Blessed Frances Schervier founded the Franciscan Sisters of the Poor in Aachen, Germany. An affluent and educated woman, Frances came to maturity at the beginning of the Industrial Revolution. At that time, Aachen was an industrial center experiencing profound social misery. Frances was only 13 when her mother died and she had to take over management of the family home. So strongly was she drawn to help the poor, that she used her position as head of the household to purchase food and clothing for them.

A person of deep prayer, she was keenly aware of the misery around her. With the help of Father Josef Istas, Frances set up a soup kitchen for the poor. She begged to obtain food, compassionately conducted night watches with the ill, cleaned their homes and comforted the dying. This illustrates how Frances dealt with a larger social phenomenon occurring in Germany at that time whereby many of conscience were troubled by the deplorable social conditions. Many lay Christians found themselves grouping together to represent the Church in care of the sick and needy, and from this social conscience evolved hospitals and other social service works.

In 1844, Frances joined the Secular Franciscan Third Order, meeting several companions who shared her passion for social work and service. One of them subsequently described a dream she had in which God revealed that Frances was to found a religious congregation. Frances took this message seriously and conceived the congregation in 1845. In 1851, the Sisters earned canonical approval and the first 24 Sisters made their final profession of vows in 1852. The congregation grew quickly and, in 1858, the Sisters were requested to start a house in Cincinnati, OH, to serve the sick and poor in the German immigrant population. This new foundation, called St. Mary's Hospital, was the beginning of the ministry of the Franciscan Sisters of the Poor in the United States.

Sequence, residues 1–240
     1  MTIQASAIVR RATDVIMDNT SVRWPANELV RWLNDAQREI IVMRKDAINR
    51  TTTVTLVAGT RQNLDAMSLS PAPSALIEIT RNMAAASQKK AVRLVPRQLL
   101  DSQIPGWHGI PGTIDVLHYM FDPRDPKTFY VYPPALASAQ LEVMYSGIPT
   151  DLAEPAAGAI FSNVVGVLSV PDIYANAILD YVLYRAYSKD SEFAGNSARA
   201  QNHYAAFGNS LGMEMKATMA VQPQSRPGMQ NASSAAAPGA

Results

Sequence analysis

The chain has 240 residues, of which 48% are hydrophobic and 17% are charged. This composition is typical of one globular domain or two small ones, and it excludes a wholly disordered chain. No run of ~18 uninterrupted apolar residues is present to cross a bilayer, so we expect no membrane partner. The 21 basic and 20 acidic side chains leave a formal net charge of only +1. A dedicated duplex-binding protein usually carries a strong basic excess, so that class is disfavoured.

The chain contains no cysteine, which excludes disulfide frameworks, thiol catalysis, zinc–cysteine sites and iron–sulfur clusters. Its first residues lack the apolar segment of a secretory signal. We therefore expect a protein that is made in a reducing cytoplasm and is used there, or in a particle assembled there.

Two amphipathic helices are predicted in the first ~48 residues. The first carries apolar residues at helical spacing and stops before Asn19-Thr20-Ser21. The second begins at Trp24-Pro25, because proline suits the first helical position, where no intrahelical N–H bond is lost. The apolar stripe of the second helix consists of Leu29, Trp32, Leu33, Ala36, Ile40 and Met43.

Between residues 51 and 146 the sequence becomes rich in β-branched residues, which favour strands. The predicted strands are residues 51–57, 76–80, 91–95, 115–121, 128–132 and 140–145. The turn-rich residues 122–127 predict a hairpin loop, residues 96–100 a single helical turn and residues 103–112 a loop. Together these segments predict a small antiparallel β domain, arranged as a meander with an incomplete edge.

In carrying out the healing mission of Jesus, it was Frances Schervier's vision to see Christ in the poor and to heal their wounds. Frances died in 1876, but more than a century later, the Franciscan Sisters of the Poor continue her healing ministry as an international, multi-cultural religious congregation ministering in healthcare, pastoral ministry and social services in the US, Brazil, Italy and Senegal.

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